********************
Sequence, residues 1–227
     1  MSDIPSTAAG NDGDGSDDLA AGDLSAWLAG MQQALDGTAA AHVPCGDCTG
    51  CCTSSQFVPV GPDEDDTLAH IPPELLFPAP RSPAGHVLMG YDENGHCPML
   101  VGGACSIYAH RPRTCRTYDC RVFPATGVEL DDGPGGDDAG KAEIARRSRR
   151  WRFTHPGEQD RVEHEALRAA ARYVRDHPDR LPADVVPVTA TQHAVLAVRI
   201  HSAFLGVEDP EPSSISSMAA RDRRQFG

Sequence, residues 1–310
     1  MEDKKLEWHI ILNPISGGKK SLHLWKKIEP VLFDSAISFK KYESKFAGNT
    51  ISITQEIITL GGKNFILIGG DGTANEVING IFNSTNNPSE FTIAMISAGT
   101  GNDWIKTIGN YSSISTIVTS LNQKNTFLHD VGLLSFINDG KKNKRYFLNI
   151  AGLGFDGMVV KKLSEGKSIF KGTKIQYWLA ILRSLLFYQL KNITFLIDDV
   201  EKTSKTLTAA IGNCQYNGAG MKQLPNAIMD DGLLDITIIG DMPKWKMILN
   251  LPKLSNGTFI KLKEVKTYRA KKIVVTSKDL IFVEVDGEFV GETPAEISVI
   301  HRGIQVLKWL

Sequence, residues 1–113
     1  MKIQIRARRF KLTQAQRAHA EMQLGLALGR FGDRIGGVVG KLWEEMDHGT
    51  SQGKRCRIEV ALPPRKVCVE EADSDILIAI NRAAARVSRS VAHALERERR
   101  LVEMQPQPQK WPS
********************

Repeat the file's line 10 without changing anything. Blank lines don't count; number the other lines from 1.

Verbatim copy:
   101  GNDWIKTIGN YSSISTIVTS LNQKNTFLHD VGLLSFINDG KKNKRYFLNI